but, yeah, we just really wanted to keep that original, like,
patina that was left on there because it's so nice.
I think that, because of that,
it will go into all sorts of different houses.
If it was highly polished,
there'd be people who have antique furniture
who couldn't have something like this in their house
cos it would really stand out
and that's quite cool for selling.
And size-wise, people will be able to do good, family dining,
loads of stuff in the middle.
I mean, have you thought how many people will actually sit at this?
Oh, no, let's not start this again, please!
-Eight to ten?
I mean, ten at a real squeeze, I think.
-But probably comfortably, eight.
Yeah, if you wanted,
you could get quite a few people round it, I think.
Quite a few.
That'll do for me.
One number everyone agreed upon was the budget.
This was a big job with a budget to match, £1,100.
The boys have hit it bang on.
I have high hopes this will be into a family home, you know,
really quickly because I've never seen anything like it.
It's a one-of-a-kind masterpiece from Josh and Ollie.
Well, I think that is a lovely piece of design.
They have managed so much with just a pile of floorboards.
That can go into a bar, into a restaurant,
or a great addition to a family home.
That is a cracker.
The old floorboards belonged to James,
and all he could think to do with them
was sling them in the skip.
So, he was happy to hand them over to Sarah.
I'm full of hope for it.
It will be really nice.
I don't think you're going to be disappointed, James.
Sarah invited Amanda to view the table.
She's from vintage and antique boutique
Allinson Duke in County Durham.
Really, really beautiful.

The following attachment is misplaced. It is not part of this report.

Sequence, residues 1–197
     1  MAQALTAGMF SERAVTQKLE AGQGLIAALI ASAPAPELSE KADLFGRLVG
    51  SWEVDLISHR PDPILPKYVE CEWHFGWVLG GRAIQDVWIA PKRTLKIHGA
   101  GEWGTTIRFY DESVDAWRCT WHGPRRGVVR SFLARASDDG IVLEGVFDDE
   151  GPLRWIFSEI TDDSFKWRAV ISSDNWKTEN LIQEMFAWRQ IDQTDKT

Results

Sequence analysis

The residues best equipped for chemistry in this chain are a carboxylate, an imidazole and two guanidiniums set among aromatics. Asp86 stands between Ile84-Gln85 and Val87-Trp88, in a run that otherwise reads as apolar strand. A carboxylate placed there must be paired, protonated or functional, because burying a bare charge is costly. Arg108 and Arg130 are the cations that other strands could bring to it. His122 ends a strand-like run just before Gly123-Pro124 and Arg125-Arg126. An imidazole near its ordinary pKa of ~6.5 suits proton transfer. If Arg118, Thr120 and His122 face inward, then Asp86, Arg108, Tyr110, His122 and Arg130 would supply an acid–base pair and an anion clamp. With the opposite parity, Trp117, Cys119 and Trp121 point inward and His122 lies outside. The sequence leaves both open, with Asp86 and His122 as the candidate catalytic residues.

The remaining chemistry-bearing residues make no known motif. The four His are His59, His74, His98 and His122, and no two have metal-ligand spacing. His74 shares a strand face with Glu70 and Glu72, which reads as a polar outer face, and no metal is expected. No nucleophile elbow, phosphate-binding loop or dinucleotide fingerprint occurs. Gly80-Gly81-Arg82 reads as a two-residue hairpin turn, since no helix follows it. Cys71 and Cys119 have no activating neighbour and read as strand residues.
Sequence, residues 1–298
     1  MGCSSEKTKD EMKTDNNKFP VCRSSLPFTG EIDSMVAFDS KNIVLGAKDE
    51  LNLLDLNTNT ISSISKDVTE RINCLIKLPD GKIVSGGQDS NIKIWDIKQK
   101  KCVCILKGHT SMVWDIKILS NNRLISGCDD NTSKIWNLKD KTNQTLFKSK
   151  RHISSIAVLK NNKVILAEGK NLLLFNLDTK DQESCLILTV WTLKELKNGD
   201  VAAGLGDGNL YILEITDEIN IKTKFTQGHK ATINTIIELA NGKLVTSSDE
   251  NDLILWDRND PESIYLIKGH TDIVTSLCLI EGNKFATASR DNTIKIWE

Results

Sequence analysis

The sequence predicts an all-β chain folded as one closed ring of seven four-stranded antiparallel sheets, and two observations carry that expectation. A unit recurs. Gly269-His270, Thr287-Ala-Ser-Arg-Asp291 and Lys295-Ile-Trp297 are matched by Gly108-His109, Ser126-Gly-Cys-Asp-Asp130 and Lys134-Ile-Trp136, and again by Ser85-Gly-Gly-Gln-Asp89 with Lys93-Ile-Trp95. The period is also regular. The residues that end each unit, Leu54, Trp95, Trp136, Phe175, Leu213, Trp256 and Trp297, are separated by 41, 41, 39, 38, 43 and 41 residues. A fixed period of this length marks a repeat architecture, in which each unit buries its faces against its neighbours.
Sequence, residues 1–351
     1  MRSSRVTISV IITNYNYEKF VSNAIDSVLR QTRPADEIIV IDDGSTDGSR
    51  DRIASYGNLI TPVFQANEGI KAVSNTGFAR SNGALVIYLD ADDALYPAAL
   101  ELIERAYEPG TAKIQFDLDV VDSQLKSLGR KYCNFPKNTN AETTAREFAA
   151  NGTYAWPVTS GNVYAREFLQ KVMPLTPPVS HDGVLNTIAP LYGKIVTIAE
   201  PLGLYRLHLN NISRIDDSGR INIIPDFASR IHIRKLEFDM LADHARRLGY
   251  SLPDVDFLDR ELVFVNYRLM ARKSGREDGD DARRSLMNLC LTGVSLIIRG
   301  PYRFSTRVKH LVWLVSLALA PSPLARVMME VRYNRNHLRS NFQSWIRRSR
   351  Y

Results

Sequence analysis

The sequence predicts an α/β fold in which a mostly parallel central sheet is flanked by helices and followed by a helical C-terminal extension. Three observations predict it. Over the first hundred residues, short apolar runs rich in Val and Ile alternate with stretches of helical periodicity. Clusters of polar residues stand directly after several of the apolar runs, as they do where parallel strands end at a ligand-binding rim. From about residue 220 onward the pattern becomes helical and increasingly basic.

-Amanda was impressed.
But in order to make a profit,
Sarah had to sell it for over £1,100.
Now she's in Surrey to show James what became of his floorboards,
and, perhaps, hand over some cash.
-How you doing?
-Nice to see you.
-Yeah, and you.
-It's a while.
It has been a while. So, have your renovations finished?
-Because this is the house, wasn't it?
-We're done, yes.
My new floor is down.
-And the old floor is gone.
Well, it has gone, but it's not been forgotten.
-Ah, that's nice.
-I took them to some really cool guys.
They're called Josh and Ollie,
and they love old stuff and making it into new stuff,
and so I've got some pictures here
to show you what happened to your floorboards. Are you ready?
I am. Go on.
I love this, and I'm really excited.
Here is a table made out of your floorboards.
Oh, I say!
-Isn't that brilliant?
-Josh and Ollie spent a very long time
making beautiful parquet out of them
to surface the table, and they kept all of that lovely black stain
that was on it originally.
Yeah, that's brilliant. Well done.
I have to say, I stuck my neck out on this one.
-And I invested quite a bit of money.
-In fact, it was £1,100...
-..for them to make a table like that,
so it's quite difficult to make a profit on that.
But I'm delighted to say we did manage to sell it.
It's going all the way to County Durham to a shop.
-And I have got £200 here for you for your old floorboards.
Well, it's hardly a trifle, then!
That's super. Well, I'm pleasantly surprised.
200 quid falls in your lap.
-What are you going to do with that?
-I was thinking about a rug...
-..and we can probably buy a very nice one for that.
Well, I would be so pleased to think that something like that
is going on with that money and it's right back where it should be.
That would be great. Thank you very much.
Total pleasure. Lovely to see you again.
-Thank you. Nice to see you.
Sarah spent a whopping £1,100 on the dining table,
but sold it for an even whoppinger 1,300,
giving James £200 that he'll spend on a new rug.
In East London,
Daniel is about to reveal the outcome
of his quick zhuzhing up to Sarah.
Well, I'm here to pick up my Danish drinks trolley
and find out if Dan's £100 face-lift has made it really sing.
This trolley was a stylish little number that had seen better days.
Those better days are back again.
And they are better than ever.
Daniel's screen printed an Art Deco design
inspired by the bright lights of the Big Apple.
His plan was to add a little glam
and make this rough diamond sparkle again.
The sheen of the Danish oil finish is silky smooth.
From tip to toe,
this trolley has never looked so good,
and I'm in no doubt Sarah will agree.